Missing out on such riches will by no means reduce the princess to Cinderella, of course: She's a wealthy woman in her own right. When her father died in 1991, the bulk of his $141 million estate, largely museum-quality art, went to Diana's 30-year-old brother Charles. But Michael Nash, a senior law lecturer at Norwich City College who is at work on a book about royal divorce, says it's reasonable to assume that Diana and her two sisters got a portion too. Our estimate for Di's share: $4 million.
The princess also has jewels--$5 million worth, by some estimates. Her biggest scores came as wedding gifts (see the box opposite) and as not-so-petite bijoux from representatives of Middle Eastern countries. Taken together, her jewelry and inheritance may well amount to a tidy personal net worth of about $9 million.
Unfortunately, even a seven-figure asset base can't always buy love. On a British television documentary last June, Charles admitted committing adultery, most likely with his longtime flame Camilla Parker Bowles. A few months later, former British army officer James Hewitt, 36, alleged in the Anna Pasternak book Princess in Love that he and Diana were lovers from 1986 through 1991. And adding insult to all this supposed mutual injury, the Dimbleby account stated that Charles never loved Diana: His father Prince Philip bullied him into marrying the young woman. To deal with such pressures, Morton says the princess has begun seeing a psychotherapist twice a week (typical cost in London: $60 per 50-minute session) and taking the trendy mood-enhancing drug Prozac (cost for the typical patient under Britain's socialized medical plan: $7.60 per month).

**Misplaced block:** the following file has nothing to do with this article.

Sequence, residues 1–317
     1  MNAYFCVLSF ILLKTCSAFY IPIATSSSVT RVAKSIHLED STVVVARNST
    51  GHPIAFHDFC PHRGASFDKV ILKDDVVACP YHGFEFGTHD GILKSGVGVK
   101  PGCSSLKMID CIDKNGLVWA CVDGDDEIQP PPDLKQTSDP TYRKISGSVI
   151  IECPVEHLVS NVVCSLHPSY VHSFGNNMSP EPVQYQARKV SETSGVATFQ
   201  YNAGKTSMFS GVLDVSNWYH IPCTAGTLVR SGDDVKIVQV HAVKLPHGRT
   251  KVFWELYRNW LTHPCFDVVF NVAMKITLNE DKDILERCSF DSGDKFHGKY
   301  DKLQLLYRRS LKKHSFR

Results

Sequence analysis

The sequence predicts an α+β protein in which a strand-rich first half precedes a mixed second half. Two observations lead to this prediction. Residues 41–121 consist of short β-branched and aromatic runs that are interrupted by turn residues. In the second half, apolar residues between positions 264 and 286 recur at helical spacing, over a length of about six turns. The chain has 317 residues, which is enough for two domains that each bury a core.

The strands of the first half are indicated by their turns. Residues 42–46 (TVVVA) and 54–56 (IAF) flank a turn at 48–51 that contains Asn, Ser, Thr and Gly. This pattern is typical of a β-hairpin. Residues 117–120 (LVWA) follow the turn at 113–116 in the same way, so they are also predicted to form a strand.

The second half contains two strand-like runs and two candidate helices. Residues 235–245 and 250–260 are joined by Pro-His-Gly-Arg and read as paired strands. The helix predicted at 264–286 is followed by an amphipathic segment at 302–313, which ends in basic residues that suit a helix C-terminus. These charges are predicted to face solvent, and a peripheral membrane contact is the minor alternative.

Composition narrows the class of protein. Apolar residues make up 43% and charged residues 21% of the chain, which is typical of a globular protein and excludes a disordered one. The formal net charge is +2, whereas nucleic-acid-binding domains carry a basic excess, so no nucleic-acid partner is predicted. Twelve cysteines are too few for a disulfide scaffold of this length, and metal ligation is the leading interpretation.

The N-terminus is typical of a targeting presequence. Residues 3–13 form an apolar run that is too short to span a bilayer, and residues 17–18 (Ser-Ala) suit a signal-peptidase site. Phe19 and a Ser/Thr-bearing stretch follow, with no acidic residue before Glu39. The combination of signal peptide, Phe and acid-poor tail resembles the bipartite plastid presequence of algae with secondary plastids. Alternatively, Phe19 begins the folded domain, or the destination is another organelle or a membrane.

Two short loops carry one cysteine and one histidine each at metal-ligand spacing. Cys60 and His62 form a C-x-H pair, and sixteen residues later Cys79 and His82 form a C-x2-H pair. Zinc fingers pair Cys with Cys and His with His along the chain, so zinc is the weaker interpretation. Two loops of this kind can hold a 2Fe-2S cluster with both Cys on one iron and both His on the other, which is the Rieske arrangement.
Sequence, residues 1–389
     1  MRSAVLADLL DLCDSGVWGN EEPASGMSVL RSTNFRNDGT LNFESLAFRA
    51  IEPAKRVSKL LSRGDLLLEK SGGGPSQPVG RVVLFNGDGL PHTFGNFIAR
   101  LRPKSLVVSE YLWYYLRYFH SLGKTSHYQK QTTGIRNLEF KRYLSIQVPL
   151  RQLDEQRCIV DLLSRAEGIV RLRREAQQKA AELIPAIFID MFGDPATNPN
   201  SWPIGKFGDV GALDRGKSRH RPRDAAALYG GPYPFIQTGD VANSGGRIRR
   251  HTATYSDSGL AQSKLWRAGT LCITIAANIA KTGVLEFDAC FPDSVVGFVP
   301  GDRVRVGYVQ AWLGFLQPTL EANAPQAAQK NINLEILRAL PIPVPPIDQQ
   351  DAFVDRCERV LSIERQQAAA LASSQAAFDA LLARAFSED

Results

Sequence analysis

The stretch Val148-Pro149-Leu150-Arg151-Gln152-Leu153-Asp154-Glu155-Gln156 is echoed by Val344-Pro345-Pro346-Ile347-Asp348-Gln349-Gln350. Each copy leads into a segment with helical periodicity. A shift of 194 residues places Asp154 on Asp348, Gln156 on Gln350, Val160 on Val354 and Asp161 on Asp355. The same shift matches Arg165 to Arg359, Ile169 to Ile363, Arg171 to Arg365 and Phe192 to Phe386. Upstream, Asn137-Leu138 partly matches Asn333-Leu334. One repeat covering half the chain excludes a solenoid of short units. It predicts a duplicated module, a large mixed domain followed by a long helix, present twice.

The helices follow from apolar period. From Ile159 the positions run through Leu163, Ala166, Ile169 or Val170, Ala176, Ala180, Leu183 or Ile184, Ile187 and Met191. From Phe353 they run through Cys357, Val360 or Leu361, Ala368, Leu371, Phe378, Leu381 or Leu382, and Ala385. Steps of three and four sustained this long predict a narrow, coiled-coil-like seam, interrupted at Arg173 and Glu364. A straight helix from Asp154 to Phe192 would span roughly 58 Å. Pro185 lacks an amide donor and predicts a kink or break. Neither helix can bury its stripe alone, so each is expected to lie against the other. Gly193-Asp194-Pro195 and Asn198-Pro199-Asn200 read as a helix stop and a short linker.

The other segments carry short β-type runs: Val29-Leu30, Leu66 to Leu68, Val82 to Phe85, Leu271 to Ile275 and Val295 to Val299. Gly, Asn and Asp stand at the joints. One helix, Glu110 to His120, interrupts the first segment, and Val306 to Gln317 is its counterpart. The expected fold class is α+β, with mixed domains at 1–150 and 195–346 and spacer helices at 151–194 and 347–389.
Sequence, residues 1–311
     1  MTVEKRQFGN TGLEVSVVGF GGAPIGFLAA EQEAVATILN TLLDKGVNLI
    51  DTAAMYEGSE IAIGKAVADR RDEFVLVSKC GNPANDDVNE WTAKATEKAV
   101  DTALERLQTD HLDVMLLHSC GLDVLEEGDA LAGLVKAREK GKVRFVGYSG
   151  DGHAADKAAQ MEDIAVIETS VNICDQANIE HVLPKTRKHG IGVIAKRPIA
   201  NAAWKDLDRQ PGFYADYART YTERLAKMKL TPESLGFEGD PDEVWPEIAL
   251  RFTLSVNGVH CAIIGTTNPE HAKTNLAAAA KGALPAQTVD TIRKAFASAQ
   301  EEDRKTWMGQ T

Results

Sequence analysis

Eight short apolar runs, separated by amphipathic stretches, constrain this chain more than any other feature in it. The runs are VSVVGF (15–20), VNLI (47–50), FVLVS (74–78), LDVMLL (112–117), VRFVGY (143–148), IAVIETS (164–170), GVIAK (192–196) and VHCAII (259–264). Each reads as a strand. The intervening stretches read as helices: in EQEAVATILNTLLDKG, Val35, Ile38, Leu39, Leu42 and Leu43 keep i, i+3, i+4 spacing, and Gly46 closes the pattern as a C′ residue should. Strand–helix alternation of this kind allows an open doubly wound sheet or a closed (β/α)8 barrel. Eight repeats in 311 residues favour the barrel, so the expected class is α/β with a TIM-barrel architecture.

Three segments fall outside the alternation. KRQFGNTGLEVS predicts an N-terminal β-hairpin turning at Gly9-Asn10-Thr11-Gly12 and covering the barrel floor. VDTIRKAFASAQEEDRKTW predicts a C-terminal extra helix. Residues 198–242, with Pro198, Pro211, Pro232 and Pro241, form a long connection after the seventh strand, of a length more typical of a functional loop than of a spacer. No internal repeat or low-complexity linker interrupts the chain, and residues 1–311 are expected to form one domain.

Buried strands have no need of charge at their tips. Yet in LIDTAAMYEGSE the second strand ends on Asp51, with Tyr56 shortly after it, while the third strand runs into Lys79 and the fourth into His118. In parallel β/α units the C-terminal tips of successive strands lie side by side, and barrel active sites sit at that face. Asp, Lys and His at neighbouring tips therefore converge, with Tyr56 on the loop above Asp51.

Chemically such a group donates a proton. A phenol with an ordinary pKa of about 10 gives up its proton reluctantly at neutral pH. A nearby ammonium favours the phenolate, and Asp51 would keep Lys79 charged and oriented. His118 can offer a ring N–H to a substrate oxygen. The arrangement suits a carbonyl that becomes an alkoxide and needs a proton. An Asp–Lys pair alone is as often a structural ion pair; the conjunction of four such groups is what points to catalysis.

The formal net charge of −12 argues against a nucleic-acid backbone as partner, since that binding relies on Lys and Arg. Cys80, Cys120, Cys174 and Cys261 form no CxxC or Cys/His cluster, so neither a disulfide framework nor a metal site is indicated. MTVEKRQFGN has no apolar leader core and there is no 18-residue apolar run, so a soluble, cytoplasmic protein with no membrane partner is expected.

Can the royals find a way to put this marriage back together again? Doubtful. We'll let the tabloids slug that one out. Meantime, we'll focus on helpful advice for the course we assume Di would prefer:
The sole grounds for divorce in England are "irretrievable breakdown" of the marriage. British law says two years' separation is evidence of such a failure, and that two-year marker passed for the Wales pair last Dec. 9. Once legal papers requesting divorce are filed with the divorce registry in London, a divorce can be finalized within a month or so.